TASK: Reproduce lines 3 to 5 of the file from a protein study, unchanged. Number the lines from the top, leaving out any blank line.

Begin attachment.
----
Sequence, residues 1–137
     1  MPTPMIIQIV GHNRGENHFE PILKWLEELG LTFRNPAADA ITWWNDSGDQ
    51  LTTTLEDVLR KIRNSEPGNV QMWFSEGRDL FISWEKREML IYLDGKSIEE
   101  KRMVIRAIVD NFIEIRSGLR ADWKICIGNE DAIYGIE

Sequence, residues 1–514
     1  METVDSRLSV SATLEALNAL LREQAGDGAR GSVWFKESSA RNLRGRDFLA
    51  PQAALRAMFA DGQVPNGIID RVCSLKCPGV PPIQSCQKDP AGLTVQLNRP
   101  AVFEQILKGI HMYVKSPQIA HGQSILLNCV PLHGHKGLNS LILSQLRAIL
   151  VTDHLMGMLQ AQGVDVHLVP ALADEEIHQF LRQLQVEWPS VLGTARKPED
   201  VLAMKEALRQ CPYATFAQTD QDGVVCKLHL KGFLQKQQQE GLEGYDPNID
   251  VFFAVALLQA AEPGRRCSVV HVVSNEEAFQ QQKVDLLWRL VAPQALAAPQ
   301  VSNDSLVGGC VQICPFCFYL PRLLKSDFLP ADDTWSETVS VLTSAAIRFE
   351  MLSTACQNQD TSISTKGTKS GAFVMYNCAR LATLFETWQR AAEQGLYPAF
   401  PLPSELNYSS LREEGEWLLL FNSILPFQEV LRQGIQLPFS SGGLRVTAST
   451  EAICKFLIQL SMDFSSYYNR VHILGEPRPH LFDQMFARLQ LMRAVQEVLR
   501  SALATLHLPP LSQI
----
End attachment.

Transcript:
    51  LTTTLEDVLR KIRNSEPGNV QMWFSEGRDL FISWEKREML IYLDGKSIEE
   101  KRMVIRAIVD NFIEIRSGLR ADWKICIGNE DAIYGIE

Sequence, residues 1–514